Cultivation of Bacteria (Aerobes and Anaerobes)

To cultivate a specific microbe, following methods are used :

Methods of Culturing Aerobic Bacteria : An atmosphere having oxygen in ample amount facilitates the growth of aerobic or facultative bacteria. For this, a large surface area of medium is used to increase the exposure. Numerous devices, e.g., Fernbach flask, Kolle flask, and Roux bottle are used to provide increased aeration (figure). Oxygen is required for the growth of aerobic bacteria and hence they can easily be grown by  incubation in surroundings containing air (i.e., 21% oxygen).

Culture Vessels used for the growth of Aerobic Bacteria

Generally, incubation of medium under normal atmospheric conditions proves satisfactory, when the growth of aerobic or facultative bacteria is desired in tubes or small flasks. However, when the growth of these microbes is desired in huge quantities, increasing the exposure of medium to the atmosphere proves beneficial.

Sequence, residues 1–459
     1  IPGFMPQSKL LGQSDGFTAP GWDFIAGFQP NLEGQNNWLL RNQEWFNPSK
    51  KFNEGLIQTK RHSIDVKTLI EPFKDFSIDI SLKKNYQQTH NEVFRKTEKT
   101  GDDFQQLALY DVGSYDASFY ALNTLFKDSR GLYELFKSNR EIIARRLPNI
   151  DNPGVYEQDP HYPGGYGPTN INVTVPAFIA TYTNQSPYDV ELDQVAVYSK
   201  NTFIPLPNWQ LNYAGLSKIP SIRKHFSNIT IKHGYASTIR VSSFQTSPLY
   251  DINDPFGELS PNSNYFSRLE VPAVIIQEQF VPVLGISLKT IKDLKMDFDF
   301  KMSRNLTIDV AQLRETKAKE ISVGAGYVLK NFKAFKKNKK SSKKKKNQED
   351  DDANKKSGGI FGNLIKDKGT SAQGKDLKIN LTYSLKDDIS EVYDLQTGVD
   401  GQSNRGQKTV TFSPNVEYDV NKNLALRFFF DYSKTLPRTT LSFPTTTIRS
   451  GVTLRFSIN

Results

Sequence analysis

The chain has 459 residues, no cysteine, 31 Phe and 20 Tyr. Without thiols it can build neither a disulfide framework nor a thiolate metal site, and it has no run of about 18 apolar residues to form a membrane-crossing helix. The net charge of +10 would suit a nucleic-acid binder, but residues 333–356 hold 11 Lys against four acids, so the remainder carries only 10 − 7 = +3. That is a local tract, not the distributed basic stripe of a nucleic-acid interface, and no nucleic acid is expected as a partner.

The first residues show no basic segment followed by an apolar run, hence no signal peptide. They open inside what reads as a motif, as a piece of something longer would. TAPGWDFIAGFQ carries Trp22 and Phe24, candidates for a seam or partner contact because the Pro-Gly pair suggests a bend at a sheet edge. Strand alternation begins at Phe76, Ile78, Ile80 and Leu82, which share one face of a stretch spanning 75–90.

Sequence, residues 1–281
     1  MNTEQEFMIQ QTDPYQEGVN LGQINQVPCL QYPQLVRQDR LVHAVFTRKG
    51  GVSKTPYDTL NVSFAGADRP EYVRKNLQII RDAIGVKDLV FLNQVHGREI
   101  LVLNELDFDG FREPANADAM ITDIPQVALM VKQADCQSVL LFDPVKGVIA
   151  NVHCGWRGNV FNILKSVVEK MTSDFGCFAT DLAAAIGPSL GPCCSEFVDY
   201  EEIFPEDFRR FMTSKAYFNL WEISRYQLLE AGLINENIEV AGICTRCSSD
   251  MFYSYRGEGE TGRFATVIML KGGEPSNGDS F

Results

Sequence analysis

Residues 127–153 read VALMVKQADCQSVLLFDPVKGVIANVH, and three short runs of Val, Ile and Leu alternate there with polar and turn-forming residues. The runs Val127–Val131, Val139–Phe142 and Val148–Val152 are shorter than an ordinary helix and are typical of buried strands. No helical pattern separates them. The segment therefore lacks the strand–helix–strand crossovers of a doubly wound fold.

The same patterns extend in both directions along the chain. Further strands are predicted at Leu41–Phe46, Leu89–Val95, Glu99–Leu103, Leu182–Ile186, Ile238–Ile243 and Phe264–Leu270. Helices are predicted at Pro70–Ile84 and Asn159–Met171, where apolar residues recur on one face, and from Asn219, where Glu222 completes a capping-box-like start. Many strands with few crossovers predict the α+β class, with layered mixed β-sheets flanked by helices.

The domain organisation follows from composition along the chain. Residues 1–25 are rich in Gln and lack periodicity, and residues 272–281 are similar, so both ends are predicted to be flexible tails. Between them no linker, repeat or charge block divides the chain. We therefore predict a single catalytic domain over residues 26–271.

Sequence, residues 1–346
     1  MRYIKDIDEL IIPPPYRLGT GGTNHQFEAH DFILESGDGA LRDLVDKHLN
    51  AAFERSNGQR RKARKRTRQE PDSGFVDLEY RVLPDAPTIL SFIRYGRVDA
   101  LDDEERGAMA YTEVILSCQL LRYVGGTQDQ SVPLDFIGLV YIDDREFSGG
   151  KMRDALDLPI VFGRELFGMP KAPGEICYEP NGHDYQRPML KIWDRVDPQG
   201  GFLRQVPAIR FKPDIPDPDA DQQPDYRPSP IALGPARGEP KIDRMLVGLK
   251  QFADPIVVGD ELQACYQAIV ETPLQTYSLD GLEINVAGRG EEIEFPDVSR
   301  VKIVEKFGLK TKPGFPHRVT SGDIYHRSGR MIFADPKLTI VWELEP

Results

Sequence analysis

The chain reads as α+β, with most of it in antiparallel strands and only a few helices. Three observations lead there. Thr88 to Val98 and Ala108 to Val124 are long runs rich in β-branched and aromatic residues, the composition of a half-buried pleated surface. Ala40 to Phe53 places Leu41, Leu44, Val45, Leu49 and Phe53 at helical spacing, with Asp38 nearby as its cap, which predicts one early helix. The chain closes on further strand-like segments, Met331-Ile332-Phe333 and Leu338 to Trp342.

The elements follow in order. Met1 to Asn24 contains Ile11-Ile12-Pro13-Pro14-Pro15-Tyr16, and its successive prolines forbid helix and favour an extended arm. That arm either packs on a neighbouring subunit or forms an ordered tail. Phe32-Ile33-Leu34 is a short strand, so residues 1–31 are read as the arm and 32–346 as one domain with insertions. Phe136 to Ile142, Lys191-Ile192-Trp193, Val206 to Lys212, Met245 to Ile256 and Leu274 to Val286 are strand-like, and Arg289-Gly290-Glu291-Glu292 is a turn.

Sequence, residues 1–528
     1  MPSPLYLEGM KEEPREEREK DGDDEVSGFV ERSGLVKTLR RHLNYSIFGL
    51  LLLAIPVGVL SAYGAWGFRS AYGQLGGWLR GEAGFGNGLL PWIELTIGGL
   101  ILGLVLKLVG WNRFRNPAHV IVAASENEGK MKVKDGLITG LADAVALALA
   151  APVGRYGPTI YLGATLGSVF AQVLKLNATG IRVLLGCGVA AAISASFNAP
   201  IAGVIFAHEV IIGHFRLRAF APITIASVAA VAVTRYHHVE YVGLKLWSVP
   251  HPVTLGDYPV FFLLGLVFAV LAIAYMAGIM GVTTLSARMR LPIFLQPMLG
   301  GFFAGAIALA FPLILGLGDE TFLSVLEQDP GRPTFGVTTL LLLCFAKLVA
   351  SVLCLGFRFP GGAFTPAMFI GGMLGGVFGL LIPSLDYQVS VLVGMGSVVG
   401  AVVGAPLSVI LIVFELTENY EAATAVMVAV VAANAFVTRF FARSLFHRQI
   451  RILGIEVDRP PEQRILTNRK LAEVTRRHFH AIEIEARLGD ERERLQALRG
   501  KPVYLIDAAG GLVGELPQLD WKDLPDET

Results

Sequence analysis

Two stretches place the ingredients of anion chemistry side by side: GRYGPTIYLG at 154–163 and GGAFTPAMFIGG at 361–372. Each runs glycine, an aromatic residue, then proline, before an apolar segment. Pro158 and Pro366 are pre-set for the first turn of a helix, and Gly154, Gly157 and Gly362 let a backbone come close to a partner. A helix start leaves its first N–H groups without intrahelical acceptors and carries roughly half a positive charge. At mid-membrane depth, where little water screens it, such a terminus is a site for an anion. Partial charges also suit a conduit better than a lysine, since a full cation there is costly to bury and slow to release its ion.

To achieve this, distinctive containers are designed, such that they dispense the medium in shallow layers, thereby facilitating their growth in increased quantities. Constant shaking of inoculated liquid cultures that have been inoculated also increases the exposure to air.

Methods of Culturing Anaerobic Bacteria : There are two categories of methods by which bacteria can be cultivated under anaerobic conditions; methods in which culture media are placed in air-tight containers and oxygen is removed (i-iii), using media in which oxygen diffuses with difficulty (iv), and methods in which a nontoxic reducing agent is added to the culture media (v-vii).

These methods are discussed below :